“I kind of started this whole thing as a parent who loved to travel but didn’t want to travel with their child,” says Erika Bud about the origins of her family travel podcast Planes, Trains & Kids Abroad. It wasn’t until she had a daylong layover in China en route to Australia, and watched her then-five-year-old son interact in wonder with his new surroundings, that she changed her stance. In the four years since, Erika, a single mother, and her son have traveled together all over the world.
Contrary to popular belief, this doesn’t require a lot of money, and she and Dax discuss the benefits of using travel platforms that stack destinations by price. Dax also notes that in a country as big and varied as the United States, simply traveling within its borders can be quite an enriching experience.
Perhaps the best outcome of exposing her son to so much of the world is how much his curiosity has been piqued. It has also made him more tolerant and accepting of others’ differences. As Dax points out, there are genetic components to our fear of differences, but more comes from conditioning and the significant influence of the media we are all exposed to.
Many kids share her son’s enthusiasm for other cultures, and she sees this when she visits schools presenting her book, which has been filled with diverse characters. They love to talk about where they would want to travel, and it is often to the country where people in their families live or have immigrated from. Erika talks to them about Australia, and all of its crazy species that can’t be found anywhere else in the world.
The best advice she has gotten from the guests on her podcast–all of whom are parents–is to accept all the travel curveballs and detours as they come because children will see parents’ reactions and adopt the same attitude. Kids travel the way their parents do. Take advantage of all the fun things available at the airport, including the video games on the plane. It helps to do a little of what everyone wants to do.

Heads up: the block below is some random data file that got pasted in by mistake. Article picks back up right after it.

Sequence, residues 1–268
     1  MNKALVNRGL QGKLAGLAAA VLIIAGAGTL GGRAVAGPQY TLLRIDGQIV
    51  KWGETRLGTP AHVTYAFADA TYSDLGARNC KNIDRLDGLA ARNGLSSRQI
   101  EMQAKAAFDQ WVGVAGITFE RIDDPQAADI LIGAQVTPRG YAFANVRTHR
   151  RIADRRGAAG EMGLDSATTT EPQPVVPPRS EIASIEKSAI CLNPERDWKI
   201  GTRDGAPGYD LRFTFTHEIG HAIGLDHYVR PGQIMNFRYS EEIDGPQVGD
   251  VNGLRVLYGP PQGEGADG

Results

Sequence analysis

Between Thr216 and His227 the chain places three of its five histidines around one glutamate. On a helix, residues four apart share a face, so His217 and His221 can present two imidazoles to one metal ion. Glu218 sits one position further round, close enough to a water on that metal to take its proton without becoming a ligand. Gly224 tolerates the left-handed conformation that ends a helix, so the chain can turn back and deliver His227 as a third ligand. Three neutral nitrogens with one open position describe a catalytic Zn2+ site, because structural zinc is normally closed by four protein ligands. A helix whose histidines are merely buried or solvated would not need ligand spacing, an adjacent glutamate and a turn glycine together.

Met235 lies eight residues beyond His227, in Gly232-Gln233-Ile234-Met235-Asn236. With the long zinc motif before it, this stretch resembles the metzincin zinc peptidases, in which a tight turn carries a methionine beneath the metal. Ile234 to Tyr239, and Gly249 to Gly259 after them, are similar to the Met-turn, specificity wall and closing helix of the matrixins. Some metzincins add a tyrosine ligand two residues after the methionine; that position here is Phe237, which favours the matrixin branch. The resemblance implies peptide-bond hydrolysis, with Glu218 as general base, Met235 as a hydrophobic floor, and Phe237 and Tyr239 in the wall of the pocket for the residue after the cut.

Something a lot of people don’t take advantage of, surprisingly, is international insurance. Dax and Erika share horror stories of people they know who’ve traveled abroad and were charged in the tens of thousands of dollars after unexpected illness or injury or after having lost luggage. They compare the benefits of hotels versus extended stay options like AirBnB.
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- “I was one of those parents that was adamant that I’m going to enjoy my travels abroad. I’m not going to take my son with me. He’s not going to remember it. It’s a lot of money. What’s the point?” (1:11-1:20 | Erika)
- “It was only when I moved did I comprehend the size of the United States. And I wish people would go to random states more, even if they’re not going to leave the US, just to go. And if you’re not picky, and you just want to go for an adventure, you can find flights almost anywhere in this country for under 100 bucks if you’ve got a random day and a random sort of bit of good luck.” (5:19-5:48 | Dax)
- “People tend to forget that just because we travel doesn’t mean we have all this money, it just means we make it a priority. And we look for the deals.” (6:07-6:13 | Erika)
- “I do speak at schools, and part of my half of my presentation is just making sure kids understand why we are learning about different cultures.” (10:20-10:29 | Erika) SM Quote
- “I’ve had people who have said, it’s just easier if you do things that the kids are going to like. I’d say the majority of my families, though, tend to do both. ‘Something for me and something for you,’ so that the kids aren’t dreading it and you’re not dreading it and they’re doing all the kid things as well. To make the most out of it by doing a little bit for everyone.” (19:26-19:49 | Erika)